Northern Sights -- The Reykjavik Grapevine

Northern Sights

Northern Sights

Published January 14, 2015

A regular column of inaccurate observations and outright lies

York Underwood
Photo by
York Underwood

A regular column of inaccurate observations and outright lies

I moved to Iceland to get away from my friends and family. I don’t hate them, but I was beginning to think they were stopping me from reaching my full potential. My friends were always showing up at my house and forcing me to have fun. My family was always concerning themselves with my welfare and life choices. I needed, much like Superman, a fortress of solitude, a place far from Canada and, preferably, warmer.

Iceland seemed to be the perfect place. I would be able, much like Superman, to study the history of my adopted ancestors—I’m not Icelandic, but I’m tall and drink like a Viking—and carve out my destiny.

This is my journal.

Week 1

The Land of Ice and Wieners

A strange feeling takes over your mind when you gaze into the eyes of a 10-foot-mural of Mickey Rourke while sitting on a curb at 4 am downing your third hotdog of the night—trying desperately to brush cronions (onion croutons) off your lap. I, much like Superman, was staring at a familiar disembodied face, but, unlike Superman, this was not my father. It was the very face of North American Cultural Imperialism and, recently, faux-boxing, bum fighting.

My desire for food when I’m drinking is vastly outweighed by my ability to consume it politely. While maintaining eye-contact with Mr. Rourke, I continued to deep-throat my hotdog while gasping for breath through my nostrils—blowing more cronions onto my lap. This bizarro masticating fellatio continued until my olfactory panting captured a sauce-covered-nugget and abducted it straight into my nasal passage.

My sneeze blew off all the condiments and left my partially-eaten-wiener naked and alone in its crumbling bun. I felt a burning sensation begin to travel down my nose and onto my lip. I placed out my cupped hand to catch the lava like substance flowing out of me. It was black and slimy with the consistency of dried blood.

With Mickey Rourke continuing to watch over me, I examined, fearfully, what appeared to be my brains leaking out of my head. Was this it? Was Iceland the place that finally killed me? Was it the beer, the Brennivín, or the wieners? The pool of my internal fluids followed the natural shape of my hand and began to look like the map of Iceland. I pondered my place in this world. I, much like Superman, appeared to float above the earth and examine it. I sat on a curb with cronions and brown sauce all over my pants—locating myself just below my West Fjords fingers nestled in the crook of my thumb, Reykjavík.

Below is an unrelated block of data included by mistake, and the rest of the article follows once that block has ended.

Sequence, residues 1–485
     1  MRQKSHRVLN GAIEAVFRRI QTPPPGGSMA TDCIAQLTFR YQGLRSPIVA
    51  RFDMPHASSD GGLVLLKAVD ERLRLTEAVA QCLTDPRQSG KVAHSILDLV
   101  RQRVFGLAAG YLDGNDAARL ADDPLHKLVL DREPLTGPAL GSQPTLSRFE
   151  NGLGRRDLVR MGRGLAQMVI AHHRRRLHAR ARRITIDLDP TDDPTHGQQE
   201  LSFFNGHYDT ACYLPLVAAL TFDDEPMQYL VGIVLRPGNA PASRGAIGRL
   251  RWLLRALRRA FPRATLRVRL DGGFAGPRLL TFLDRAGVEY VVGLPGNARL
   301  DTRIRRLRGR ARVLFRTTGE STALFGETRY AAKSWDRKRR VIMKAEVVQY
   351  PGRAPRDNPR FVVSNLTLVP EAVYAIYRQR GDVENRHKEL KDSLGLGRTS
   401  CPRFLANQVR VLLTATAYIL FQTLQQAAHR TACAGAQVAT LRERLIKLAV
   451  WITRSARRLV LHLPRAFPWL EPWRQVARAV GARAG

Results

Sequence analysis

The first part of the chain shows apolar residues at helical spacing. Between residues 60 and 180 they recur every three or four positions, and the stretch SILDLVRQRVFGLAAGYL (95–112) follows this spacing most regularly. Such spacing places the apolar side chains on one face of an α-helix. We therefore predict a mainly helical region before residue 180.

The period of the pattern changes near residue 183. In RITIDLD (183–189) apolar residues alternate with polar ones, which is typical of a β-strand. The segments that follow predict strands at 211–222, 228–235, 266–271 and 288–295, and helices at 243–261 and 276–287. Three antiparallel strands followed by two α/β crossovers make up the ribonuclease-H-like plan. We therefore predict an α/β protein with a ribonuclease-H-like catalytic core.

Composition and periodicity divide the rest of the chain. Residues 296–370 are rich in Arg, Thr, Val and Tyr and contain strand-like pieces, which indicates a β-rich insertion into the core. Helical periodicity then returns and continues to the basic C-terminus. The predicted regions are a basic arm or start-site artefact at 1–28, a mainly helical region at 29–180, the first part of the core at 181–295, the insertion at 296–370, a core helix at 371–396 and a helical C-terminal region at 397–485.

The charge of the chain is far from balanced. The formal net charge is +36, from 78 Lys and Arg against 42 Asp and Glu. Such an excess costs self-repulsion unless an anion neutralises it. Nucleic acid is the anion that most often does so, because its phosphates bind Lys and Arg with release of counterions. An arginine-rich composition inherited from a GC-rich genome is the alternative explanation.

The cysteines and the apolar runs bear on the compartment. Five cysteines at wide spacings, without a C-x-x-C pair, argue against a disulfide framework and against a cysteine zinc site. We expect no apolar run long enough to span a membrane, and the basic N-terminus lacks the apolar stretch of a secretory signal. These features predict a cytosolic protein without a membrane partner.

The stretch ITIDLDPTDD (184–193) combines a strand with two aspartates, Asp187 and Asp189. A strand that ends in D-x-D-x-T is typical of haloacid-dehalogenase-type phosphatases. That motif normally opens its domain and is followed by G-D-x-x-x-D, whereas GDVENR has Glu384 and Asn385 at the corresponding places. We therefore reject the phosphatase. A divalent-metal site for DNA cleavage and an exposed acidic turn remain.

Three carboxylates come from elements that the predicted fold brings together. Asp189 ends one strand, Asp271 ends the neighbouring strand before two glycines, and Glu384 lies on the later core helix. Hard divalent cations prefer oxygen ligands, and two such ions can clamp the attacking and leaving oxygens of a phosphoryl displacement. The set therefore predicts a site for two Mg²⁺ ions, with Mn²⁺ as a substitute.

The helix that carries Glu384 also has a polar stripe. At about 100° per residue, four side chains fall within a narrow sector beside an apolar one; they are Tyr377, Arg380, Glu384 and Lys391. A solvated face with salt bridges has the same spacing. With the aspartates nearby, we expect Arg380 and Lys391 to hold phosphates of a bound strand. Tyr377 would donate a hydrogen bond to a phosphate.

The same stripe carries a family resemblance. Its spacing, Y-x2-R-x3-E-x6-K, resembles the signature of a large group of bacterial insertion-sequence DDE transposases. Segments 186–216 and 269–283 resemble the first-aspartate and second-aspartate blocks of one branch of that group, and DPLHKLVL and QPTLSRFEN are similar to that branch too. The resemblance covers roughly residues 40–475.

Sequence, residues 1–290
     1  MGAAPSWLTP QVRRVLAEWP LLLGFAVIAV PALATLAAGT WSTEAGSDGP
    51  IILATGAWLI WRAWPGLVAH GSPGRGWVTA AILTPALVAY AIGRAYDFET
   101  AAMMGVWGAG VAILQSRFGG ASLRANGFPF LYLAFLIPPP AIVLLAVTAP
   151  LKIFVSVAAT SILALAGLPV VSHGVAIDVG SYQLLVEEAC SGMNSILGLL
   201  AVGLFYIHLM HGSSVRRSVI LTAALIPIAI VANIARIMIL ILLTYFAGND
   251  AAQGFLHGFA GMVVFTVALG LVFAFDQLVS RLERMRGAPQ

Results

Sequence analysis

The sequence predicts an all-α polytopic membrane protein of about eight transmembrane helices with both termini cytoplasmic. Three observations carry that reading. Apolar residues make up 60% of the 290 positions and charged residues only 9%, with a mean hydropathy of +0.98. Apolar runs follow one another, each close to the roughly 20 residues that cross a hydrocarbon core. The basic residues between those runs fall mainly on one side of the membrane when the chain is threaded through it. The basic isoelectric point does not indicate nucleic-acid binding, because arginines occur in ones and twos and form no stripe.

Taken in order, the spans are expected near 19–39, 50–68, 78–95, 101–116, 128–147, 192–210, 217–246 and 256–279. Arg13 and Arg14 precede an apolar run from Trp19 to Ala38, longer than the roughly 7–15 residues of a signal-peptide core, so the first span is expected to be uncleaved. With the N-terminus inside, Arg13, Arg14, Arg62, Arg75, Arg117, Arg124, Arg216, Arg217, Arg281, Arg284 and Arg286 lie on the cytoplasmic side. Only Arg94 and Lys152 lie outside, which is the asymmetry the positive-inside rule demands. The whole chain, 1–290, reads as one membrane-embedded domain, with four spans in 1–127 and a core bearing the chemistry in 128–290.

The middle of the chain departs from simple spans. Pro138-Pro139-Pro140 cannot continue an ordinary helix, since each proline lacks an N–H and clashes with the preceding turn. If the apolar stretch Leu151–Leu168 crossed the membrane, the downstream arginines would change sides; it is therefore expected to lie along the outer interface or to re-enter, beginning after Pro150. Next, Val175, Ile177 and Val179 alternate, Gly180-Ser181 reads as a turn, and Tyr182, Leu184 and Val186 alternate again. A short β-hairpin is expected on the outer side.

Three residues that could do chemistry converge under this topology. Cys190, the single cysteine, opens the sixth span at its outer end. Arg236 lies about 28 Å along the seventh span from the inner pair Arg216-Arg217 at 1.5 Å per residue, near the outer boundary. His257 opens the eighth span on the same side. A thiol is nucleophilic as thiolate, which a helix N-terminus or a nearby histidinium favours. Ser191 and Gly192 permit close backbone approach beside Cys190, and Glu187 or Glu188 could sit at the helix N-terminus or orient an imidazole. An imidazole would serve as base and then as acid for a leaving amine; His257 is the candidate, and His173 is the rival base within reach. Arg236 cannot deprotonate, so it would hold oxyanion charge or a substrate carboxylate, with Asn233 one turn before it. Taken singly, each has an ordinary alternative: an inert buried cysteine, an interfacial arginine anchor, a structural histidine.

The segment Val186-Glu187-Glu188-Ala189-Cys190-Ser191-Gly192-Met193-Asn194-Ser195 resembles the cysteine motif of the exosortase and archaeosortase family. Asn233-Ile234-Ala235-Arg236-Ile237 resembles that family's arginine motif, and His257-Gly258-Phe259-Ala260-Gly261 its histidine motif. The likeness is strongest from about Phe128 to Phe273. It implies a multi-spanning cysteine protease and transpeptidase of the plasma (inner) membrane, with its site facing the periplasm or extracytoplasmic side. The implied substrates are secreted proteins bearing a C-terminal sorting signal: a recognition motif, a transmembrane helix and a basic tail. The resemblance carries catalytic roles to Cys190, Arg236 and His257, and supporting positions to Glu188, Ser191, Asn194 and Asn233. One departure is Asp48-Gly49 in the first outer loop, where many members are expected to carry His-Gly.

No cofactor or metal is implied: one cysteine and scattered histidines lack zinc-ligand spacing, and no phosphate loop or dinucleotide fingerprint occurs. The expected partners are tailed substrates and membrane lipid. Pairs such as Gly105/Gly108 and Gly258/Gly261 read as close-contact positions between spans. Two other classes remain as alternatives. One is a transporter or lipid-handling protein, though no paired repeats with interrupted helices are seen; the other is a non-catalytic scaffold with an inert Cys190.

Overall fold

I was disturbed from my astral-projection by the earthy aroma of tobacco. I, unlike Superman, read ‘Independent People,’ which I purchased at the airport Eymundsson on my way home from my last visit. In the novel, the characters sit around and drink pots of coffee while snorting tobacco and discussing animal husbandry. I, unlike Superman, tend to try anything once.

The mucous map was the push back, the response to Mickey Rourke, Iceland’s own cultural imperialism. It’s not fair to say this is what Iceland means to Icelanders, but I don’t think North America would choose Mickey Rourke as a representative (well, actually, they probably would. Right California?). I was persuaded, much like Superman, to fit in, to adopt my adopted nation’s customs: however archaic they may be.

The only thing that is certain is wieners. Iceland does love hotdogs and soon I will too. I wiped my hand in the snow, stood to my feet, and walked towards the taxi line. I let gravity clean my pants. I, much like Superman, had a lot to learn about my new home.

An aside observation:

Icelandic hotdogs snap with every bite due to the crispy nature of lamb intestines when they’re cooked. Earlier that week, I had bought a pack of lamb wieners at the grocery store, Bónus, to take home with me, but my hot plate is too finicky and it seared them—causing the the natural casing to crack and for steam to whistle through. It was horrific. The lamb wieners were screaming.

 

York Underwood is a journalist, writer and comedian from Canada. He’s currently living in Hafnarfjörður, Iceland, next to a fisheries’ ice house. He’s also trying to learn Icelandic. He makes poor decisions. 

Rourke 2

Rourke 3

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